From: University of Massachusetts at Amherst
Published July 10, 2017 01:38 PM

UMass Amherst Food Scientists Find Cranberries May Aid the Gut Microbiome

Many scientists are paying new attention to prebiotics, that is, molecules we eat but cannot digest, because some may promote the growth and health of beneficial microorganisms in our intestines, says nutritional microbiologist David Sela at the University of Massachusetts Amherst. In a new study, he and colleagues report the first evidence that certain beneficial gut bacteria are able to grow when fed a carbohydrate found in cranberries and further, that they exhibit a special nontypical metabolism.

Findings could add value to future food products or lead to a new supplement based on the cranberry, of which Massachusetts is a major producer. Details appear this week in the current early online edition of Applied and Environmental Microbiology, where the editorsfeature it in the “Spotlight” section that calls attention to “research articles in the upcoming issue that have been deemed of significant interest.” 

What we eat not only nourishes us but also feeds the beneficial bacteria, the microbiome, in our intestines, Sela points out, and food scientists are increasingly interested in these less obvious benefits of food. There are thought to be as many bacterial cells in our bodies as our own human cells, he points out, “so we’re basically eating for two. These gut bacteria are extremely significant to us, they really are very important. Our food makes a difference for us as well as the beneficial microbes that we carry around with us.”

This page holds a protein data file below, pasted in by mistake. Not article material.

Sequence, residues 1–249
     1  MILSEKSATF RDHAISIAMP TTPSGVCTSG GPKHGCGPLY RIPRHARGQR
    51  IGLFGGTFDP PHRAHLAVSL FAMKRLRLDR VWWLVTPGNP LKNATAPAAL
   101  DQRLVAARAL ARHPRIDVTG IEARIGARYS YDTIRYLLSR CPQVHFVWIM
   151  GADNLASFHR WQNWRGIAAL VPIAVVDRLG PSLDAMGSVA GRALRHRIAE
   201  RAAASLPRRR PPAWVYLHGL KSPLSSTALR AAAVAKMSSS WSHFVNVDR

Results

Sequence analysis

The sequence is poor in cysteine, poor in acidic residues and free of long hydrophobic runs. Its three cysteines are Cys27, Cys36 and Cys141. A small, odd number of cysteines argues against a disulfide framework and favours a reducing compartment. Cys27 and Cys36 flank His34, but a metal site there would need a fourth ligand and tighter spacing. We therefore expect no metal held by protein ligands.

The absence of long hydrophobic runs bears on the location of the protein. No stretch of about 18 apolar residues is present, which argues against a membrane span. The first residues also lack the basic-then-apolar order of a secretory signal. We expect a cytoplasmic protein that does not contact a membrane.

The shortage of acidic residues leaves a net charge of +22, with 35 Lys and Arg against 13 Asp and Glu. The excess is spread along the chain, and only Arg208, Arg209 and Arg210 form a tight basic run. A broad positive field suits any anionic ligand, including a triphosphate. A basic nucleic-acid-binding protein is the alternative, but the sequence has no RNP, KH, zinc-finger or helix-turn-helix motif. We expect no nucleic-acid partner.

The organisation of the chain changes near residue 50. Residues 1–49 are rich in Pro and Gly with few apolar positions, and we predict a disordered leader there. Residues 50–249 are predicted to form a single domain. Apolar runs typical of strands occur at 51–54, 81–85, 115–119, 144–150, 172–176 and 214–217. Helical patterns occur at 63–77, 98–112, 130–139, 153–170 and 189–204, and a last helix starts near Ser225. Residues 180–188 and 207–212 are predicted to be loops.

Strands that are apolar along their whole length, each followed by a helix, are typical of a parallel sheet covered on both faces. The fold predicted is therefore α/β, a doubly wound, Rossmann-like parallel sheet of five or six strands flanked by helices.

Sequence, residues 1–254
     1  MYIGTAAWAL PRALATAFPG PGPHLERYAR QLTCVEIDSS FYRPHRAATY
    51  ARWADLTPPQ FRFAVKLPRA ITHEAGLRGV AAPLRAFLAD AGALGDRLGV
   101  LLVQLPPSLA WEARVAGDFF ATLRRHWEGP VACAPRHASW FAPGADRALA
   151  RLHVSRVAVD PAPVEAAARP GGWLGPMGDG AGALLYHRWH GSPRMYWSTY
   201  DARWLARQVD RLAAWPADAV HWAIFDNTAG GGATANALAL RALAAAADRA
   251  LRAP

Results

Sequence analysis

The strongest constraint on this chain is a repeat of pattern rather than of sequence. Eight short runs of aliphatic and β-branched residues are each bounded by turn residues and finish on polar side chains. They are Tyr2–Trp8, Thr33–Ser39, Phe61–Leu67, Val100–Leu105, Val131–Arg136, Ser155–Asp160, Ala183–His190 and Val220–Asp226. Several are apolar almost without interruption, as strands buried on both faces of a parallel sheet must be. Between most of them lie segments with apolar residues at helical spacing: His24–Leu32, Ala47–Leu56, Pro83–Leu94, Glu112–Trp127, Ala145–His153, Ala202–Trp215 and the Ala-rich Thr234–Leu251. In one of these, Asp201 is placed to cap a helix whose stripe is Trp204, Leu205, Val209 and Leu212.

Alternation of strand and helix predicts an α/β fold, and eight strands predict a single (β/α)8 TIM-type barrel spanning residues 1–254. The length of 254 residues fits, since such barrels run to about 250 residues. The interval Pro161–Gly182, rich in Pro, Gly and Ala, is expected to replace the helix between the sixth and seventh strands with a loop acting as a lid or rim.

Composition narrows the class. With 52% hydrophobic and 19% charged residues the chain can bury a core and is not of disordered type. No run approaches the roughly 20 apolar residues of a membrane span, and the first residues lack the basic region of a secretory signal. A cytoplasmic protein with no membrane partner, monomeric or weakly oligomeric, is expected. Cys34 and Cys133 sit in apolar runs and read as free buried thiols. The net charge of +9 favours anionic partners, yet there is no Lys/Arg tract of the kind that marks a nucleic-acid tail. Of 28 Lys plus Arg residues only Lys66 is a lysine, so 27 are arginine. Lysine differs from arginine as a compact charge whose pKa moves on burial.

Further, “a lot of plant cell walls are indigestible,” he explains, “and indeed we cannot digest the special sugars found in cranberry cell walls called xyloglucans. But when we eat cranberries, the xyloglucans make their way into our intestines where beneficial bacteria can break them down into useful molecules and compounds.”

Read more at University of Massachusetts at Amherst

Image: Nutritional microbiologist David Sela at UMass Amherst and his graduate student Ezgi Özcan suggest their findings on how a special sugar found in cranberry is processed in the human gut, aiding the intestinal microbiome, could add value to future food products or lead to a new supplement. (Credit: UMass Amherst)

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